Would You Lend Money to A Stacker?

A fund seeker with a good record approached your crowdfunding platform. Everything about the fund seeker looks good, except for one annoying detail: they’re on Month #3 of an on-going deal with a 6-month tenure.

When a fund seeker asks for a crowdfunding deal on top of an on-going one, that’s called stacking. Is stacking legal? Is it good? Or is it dangerous?


Obviously, stacking is legal. A person with outstanding balances in two or more credit cards is technically stacking. Big businesses implementing several projects do this too. So, why couldn’t people and businesses in the middle of the scale do the same?

So, if it’s legal, is it good? This is where the question gets a bit complicated. You see, it’s not necessarily bad. On the other hand, it’s not necessarily good.

From the point of view of fund seekers, stacking may be good. It would allow them to borrow money for emerging funding needs that are not currently covered by existing deals. For as long as their cash flow would allow repayments, why not indeed?

But it may or may not be good on the side of the crowdfunding investors, even if the fund seeker shows ability to repay two or more funding deals. The main consideration here is the management of risk, which is every investor’s handle in every deal.

Let’s assume that we measured risk in a scale of 1-10. When Deal 1 came with a Risk of 3, you thought that such level of risk was acceptable. So, you’ve invested on the deal. Note at this point that you had full control over this decision to invest in the deal.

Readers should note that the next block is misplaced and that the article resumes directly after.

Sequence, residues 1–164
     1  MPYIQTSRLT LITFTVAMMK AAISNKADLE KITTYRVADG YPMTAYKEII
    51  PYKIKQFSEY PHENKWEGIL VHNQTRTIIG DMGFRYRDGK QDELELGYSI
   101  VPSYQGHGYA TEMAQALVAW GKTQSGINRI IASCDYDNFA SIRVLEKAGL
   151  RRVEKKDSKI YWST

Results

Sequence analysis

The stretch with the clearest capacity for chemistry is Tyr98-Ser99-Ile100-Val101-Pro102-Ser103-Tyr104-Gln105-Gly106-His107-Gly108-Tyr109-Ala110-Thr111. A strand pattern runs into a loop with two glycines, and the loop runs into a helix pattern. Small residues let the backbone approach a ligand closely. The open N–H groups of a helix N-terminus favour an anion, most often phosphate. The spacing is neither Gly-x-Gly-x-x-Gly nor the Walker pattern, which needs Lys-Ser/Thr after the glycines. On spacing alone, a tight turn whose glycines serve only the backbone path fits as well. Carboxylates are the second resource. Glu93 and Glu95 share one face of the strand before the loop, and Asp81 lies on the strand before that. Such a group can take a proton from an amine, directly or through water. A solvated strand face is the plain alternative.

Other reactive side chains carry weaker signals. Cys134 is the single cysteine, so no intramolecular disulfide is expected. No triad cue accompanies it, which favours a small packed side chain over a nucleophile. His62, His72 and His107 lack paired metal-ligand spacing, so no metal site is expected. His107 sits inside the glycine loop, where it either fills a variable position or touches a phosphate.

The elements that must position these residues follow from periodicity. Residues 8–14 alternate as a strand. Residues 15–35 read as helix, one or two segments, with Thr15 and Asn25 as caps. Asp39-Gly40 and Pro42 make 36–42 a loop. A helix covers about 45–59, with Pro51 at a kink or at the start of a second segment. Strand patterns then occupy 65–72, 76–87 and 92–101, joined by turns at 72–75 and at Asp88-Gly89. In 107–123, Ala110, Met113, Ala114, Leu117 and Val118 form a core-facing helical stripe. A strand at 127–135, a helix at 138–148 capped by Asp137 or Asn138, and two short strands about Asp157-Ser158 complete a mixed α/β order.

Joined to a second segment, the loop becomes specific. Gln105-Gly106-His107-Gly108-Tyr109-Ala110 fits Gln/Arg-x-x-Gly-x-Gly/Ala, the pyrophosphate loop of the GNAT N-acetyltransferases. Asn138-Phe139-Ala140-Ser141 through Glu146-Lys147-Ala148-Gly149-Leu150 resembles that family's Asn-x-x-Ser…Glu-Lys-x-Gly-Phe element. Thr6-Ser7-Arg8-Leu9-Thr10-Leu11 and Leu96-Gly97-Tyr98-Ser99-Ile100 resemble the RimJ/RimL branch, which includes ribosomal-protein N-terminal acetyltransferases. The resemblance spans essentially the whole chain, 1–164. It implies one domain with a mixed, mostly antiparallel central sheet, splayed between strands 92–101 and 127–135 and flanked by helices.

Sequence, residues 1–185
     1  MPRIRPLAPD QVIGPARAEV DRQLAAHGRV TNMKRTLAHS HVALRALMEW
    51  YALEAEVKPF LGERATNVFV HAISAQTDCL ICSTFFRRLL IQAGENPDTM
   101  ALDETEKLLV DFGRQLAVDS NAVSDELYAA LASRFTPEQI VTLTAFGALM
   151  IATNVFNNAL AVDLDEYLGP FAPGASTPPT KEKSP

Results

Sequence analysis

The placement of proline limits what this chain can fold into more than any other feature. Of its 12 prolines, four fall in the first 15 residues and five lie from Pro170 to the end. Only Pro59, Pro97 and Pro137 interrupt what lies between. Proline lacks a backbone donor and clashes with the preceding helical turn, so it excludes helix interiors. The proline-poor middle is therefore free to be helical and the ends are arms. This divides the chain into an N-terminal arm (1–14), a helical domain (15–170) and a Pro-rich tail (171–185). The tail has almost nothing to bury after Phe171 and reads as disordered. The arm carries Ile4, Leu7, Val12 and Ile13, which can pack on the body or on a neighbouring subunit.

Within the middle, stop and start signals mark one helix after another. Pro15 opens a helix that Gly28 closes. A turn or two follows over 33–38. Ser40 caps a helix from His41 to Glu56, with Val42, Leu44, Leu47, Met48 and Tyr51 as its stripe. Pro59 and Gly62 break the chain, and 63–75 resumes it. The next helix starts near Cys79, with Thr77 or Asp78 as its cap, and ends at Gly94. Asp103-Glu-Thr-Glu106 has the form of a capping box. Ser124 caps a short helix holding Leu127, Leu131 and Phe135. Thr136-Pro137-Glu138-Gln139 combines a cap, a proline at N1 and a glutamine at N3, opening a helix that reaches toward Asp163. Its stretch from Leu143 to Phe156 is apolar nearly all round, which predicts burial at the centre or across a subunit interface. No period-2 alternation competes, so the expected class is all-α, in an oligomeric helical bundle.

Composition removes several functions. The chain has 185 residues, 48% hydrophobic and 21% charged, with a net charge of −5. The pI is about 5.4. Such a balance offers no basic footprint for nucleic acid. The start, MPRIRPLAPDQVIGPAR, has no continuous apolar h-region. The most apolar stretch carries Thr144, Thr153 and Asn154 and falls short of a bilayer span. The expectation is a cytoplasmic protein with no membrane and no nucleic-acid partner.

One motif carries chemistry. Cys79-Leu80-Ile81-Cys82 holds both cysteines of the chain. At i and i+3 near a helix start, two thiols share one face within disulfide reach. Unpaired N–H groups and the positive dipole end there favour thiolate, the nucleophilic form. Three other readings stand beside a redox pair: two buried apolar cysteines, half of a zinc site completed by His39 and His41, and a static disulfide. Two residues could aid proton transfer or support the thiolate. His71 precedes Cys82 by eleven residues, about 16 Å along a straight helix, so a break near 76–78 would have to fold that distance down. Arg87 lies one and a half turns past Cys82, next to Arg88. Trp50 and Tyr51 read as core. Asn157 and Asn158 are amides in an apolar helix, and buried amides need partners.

Halfway through Deal 1, the fund seeker asks for Deal 2. Granting Deal 2 pushes through, wouldn’t it exert additional pressure on the existing cashflow of the fund seeker? It most likely would. Given the delicate nature of the businesses that approach crowdfunding platforms to begin with, that’s not a good thing.


So, at this point, would you still expect Deal 1 to go through with a Risk of 3? Not likely, wouldn’t it? All of a sudden you have a deal with Risk level of 4 or 5. You’re already in. You’ve ceded control. Worst of all, you could no longer back out!

What if you’re an investor for Deal 2? If the picture for investors of Deal 1 looks diminished, what reason does that give you to be confident about Deal 2? You still have the opportunity to keep your money. That’s the good thing.

Manage your risks well. Stay away from stackers.